Kevin Britt, country manager, UK and Ireland, at Infobip, explains the differences between multichannel and omnichannel, and why brands need to make the jump.
In April 2017, the number-one operating system accessing the internet was no longer Windows – it was Android. This was the moment when mobile devices undeniably became the dominant players online, turning the marketing world mobile-centric.
The immense popularity of smartphones has left brands trying to adapt to a generation of users that expect easy interaction across multiple channels, from SMS to email to an OTT app. This expectation means that, in order to stay ahead of the competition, it’s now essential for brands to deliver seamless communication when and how users want it. In short: welcome to the new era of omnichannel communications.
Omnichannel and multichannel: What’s the difference? While the wisdom of reaching consumers in multiple ways is undeniable, the wealth of communication channels now available can be a double-edged sword, and businesses can struggle to live up to consumer expectations. This is where it might be useful to understand the difference between multichannel and omnichannel communications.
Multichannel communication is when you use more than one channel to connect with your customers – for example, through an email newsletter as well as a Facebook feed. However, in the multichannel world, those channels might not be linked together. You might not know if the customer you’re contacting has already emailed, phoned or messaged another department. As consumers, we’ve all experienced this when we have to explain our problem from scratch every time we reach a new person in a call centre.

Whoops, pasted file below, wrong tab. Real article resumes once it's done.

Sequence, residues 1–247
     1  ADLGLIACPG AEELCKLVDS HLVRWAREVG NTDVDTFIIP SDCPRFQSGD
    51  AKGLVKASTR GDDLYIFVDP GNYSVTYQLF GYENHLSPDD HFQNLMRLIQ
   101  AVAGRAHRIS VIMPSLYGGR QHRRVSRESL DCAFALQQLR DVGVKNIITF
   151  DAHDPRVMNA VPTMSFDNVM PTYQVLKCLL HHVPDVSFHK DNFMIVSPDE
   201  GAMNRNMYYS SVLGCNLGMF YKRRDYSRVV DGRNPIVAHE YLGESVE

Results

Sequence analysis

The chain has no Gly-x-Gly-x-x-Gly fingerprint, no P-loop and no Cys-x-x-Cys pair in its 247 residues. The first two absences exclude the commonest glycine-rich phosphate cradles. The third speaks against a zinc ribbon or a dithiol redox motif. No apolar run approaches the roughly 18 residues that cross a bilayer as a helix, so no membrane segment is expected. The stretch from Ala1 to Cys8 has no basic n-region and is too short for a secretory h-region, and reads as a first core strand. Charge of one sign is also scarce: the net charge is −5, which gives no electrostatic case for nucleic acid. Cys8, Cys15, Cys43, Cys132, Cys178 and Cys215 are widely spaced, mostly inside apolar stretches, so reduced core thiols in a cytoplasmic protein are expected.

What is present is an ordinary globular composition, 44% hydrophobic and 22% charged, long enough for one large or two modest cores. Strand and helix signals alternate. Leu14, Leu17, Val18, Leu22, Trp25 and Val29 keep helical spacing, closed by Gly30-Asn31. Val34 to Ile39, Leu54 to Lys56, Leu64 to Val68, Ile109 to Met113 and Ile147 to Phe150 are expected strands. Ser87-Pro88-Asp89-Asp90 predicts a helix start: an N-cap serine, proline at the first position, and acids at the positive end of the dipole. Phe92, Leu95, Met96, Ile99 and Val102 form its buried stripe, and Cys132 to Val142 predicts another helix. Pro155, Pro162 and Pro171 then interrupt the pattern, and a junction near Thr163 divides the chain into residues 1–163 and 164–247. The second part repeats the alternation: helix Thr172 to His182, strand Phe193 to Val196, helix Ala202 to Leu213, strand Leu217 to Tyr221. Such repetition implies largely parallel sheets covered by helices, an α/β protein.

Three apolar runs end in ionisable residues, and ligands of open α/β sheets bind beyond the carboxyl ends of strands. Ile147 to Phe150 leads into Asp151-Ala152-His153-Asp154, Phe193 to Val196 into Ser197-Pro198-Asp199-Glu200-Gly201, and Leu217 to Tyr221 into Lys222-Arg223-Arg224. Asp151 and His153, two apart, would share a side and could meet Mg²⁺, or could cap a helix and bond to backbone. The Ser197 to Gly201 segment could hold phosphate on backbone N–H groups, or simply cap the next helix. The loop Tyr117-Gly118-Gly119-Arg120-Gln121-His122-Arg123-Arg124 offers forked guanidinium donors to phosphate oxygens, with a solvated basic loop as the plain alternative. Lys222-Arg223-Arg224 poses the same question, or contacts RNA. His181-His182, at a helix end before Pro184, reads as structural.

This happens because, in many companies, different departments ‘own’ different communications channels. Marketing might be in charge of the product newsletter, while sales has the lead nurture flow, and support owns technical calls and emails. Nine times out of 10, replies to newsletters for support bounce back or, at best, receive an automated reply with a generic email address.
In an omnichannel world, companies can use multiple channels to engage with customers, but they are all interlinked, so every interaction becomes part of a single, ongoing dialogue — which customers already believe it is.
Implementing omnichannel isn’t complicated, you just need to understand what customers expect, and make it happen without worrying about breaking down communications siloes. No part of the communications flow or conversation matrix can operate outside of the system. Remember, customers already see communicating with you as a single conversation, regardless of how they do it. Omnichannel only works if you see it that way too.